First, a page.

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Robyn’s baton relay leg dedicated to 1200 volunteers of street charity Rosies

Robyn Hunt

Tireless campaigner: Robyn Hunt is a Rosies stalwart and parishioner at Stella Maris Church, Broadbeach. Photo: Mark Bowling

WHEN Surfers Paradise parishioner and community worker Robyn Hunt held the Queen’s baton aloft on one of the final stretches into the Gold Coast, she did it for the charity she loves.

“I carried the torch for the 1200 volunteers who work for Rosies,” Mrs Hunt said, reminiscing on the great Commonwealth Games moment, as she attended Mass as sacristan at Stella Maris Church, Broadbeach, last week.

For the past nine years, Mrs Hunt has served on the executive committee of Rosies – Friends on the Street, and is a tireless campaigner for the outreach to the homeless and those vulnerable on the streets, at the courts, prisons and youth detention centres.

“I think lots of times in our world we need to look around us and see there are a lot of people in need,” Mrs Hunt said.

“(About) 5.6 million Australians, that is one in four of us, are lonely almost all of the time or on a regular basis.

“Initially what motivates me are the Gospels – Jesus asking us to reach out to those in need, and particularly Matthew 25 where it is written ‘For I was hungry and you gave me food, I was thirsty and you gave me drink, I was a stranger and you welcomed me …’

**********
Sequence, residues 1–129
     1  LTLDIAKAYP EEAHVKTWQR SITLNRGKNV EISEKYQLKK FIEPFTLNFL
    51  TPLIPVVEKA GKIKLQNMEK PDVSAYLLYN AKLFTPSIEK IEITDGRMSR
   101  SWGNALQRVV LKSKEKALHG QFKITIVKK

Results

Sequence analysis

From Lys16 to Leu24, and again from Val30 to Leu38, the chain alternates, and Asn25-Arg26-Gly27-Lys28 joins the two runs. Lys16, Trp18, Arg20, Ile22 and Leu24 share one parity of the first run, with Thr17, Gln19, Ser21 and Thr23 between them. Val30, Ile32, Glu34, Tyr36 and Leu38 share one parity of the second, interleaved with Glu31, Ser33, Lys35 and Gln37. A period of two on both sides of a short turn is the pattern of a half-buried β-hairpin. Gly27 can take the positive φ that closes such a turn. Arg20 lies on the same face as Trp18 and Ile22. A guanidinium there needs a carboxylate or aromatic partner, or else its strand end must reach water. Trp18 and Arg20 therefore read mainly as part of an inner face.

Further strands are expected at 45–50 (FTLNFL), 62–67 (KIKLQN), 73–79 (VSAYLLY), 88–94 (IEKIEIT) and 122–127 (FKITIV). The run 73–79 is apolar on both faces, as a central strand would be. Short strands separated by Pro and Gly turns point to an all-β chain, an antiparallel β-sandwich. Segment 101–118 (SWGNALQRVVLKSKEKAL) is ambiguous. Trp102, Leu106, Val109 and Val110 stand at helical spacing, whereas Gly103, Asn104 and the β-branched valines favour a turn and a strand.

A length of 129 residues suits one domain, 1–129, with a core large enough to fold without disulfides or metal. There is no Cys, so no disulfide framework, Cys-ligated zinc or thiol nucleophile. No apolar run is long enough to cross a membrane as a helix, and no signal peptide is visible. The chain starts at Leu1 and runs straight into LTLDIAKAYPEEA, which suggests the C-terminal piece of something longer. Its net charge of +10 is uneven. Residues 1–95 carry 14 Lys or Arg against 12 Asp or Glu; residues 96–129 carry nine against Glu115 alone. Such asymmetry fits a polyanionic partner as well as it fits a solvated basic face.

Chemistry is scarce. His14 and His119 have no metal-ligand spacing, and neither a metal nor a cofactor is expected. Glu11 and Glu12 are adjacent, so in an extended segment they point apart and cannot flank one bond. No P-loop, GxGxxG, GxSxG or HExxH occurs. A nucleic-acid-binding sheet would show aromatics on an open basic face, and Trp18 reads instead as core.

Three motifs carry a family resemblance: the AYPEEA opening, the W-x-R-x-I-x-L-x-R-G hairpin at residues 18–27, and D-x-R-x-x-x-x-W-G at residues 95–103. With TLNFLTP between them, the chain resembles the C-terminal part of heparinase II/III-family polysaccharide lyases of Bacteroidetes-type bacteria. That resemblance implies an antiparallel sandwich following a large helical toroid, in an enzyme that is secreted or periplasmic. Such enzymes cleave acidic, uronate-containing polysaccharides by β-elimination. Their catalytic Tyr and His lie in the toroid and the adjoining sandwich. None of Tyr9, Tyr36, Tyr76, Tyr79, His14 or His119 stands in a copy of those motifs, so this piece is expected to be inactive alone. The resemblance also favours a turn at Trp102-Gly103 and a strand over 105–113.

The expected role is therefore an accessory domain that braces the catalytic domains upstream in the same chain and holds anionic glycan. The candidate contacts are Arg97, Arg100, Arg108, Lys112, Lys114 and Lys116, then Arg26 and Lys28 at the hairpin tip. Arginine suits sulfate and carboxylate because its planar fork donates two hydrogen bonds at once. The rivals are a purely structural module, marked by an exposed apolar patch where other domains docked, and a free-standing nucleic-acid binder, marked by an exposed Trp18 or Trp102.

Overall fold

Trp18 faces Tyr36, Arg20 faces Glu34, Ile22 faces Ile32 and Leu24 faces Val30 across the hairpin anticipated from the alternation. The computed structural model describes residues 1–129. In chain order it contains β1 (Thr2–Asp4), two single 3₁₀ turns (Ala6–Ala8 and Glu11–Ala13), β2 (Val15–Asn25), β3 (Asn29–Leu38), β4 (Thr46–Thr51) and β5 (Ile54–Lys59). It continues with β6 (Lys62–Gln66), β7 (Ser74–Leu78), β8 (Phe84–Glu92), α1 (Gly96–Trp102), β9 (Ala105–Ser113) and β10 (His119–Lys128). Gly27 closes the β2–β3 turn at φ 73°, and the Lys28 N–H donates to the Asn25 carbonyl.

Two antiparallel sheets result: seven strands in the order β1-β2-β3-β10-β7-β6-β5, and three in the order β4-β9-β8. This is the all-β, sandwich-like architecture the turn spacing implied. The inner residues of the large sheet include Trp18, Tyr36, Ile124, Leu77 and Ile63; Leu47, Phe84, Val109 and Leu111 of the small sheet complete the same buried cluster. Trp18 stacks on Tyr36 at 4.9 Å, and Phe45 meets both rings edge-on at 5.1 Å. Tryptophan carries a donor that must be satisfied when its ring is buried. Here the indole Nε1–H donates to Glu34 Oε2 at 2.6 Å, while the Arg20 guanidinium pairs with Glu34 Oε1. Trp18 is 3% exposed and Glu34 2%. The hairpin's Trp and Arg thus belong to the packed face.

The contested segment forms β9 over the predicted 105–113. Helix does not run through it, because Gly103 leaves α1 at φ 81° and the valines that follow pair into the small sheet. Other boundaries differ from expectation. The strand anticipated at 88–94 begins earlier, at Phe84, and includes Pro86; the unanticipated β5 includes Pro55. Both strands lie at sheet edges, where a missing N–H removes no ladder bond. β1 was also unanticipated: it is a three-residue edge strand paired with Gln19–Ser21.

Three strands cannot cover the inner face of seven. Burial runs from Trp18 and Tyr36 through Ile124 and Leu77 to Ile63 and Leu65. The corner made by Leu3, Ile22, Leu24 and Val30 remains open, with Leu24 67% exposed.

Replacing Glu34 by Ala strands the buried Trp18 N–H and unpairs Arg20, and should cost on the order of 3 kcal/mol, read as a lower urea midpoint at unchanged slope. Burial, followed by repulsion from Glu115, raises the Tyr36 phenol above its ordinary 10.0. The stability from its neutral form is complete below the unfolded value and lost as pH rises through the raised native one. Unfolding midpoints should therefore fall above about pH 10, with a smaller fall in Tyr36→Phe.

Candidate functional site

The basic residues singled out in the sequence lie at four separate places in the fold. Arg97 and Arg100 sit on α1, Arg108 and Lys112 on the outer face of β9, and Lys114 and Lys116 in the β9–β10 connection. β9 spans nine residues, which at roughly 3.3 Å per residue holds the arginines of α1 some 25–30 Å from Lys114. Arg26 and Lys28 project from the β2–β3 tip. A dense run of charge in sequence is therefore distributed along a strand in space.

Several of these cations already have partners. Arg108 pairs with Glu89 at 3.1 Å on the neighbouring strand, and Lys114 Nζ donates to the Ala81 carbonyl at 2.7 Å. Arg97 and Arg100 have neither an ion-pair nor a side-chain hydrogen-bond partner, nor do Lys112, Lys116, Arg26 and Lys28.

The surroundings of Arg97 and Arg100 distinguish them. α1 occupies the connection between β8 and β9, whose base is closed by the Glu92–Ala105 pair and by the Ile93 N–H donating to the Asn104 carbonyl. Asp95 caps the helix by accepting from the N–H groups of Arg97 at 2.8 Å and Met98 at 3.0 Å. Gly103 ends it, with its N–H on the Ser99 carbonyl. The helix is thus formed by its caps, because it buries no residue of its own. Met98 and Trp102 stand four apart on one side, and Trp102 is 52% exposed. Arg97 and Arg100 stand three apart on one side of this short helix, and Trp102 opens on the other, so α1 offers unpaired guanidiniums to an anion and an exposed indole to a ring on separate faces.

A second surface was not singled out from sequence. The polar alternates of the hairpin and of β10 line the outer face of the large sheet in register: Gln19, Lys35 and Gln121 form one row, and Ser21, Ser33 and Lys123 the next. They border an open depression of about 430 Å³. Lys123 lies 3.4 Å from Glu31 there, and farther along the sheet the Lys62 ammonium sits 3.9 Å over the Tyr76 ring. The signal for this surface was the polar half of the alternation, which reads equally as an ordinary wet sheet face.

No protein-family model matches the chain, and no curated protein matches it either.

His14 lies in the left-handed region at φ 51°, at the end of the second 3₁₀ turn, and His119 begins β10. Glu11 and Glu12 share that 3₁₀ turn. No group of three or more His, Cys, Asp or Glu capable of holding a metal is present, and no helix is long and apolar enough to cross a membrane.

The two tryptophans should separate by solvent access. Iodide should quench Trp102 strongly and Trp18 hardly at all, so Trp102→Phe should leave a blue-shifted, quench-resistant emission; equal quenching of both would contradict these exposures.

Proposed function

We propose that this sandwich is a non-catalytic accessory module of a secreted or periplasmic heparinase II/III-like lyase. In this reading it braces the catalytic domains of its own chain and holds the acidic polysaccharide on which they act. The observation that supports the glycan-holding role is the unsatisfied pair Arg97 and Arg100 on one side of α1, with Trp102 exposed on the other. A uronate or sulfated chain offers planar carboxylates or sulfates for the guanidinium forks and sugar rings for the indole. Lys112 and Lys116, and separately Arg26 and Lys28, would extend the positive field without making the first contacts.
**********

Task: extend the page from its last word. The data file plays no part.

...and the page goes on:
“And that’s what Rosie’s does. We are there to help those in need – particularly the lonely, the abandoned and the marginalised.”

Behind the glitz of the Gold Coast, especially in the midst of the Commonwealth Games, Mrs Hunt admitted there was a great need for Rosies services.

Robyn Hunt in the Queen's baton relay

Dedicated: Robyn Hunt carries the Queen’s baton along Marine Parade, Biggera Waters, on the Gold Coast. Photo: Supplied.

High rents and a lack of secure employment have led to a downward spiral for many struggling individuals and families.

“What we are is a place where people can come, (and) feel safe and feel part of the community and have a sense of belonging,” Mrs Hunt said.

“People need to be given back their dignity.

“I often have the homeless say to me ‘I can go anywhere and get a feed, but to have someone sit with me, look me in the eye, sit with me and talk to me – that is a different thing’.

“I think it is an extremely important part of our charity work.”

Rosies is a comparatively small charity that relies on donations from corporations, businesses, schools, religious communities and individuals to fund its operations.

It has been outreaching since 1987 – celebrating 30 years last year – and has more than 280 volunteers in the Gold Coast part of the army of volunteers throughout Queensland.

As well as committing to voluntary welfare and support work, Mrs Hunt said there was a lot of community-building needed to be done.

“I would love to see some entrepreneur come forward to build short-term accommodation where people could stay the night, (and) have a place to keep their belongings so they don’t have to take them out on the streets with them,” she said.

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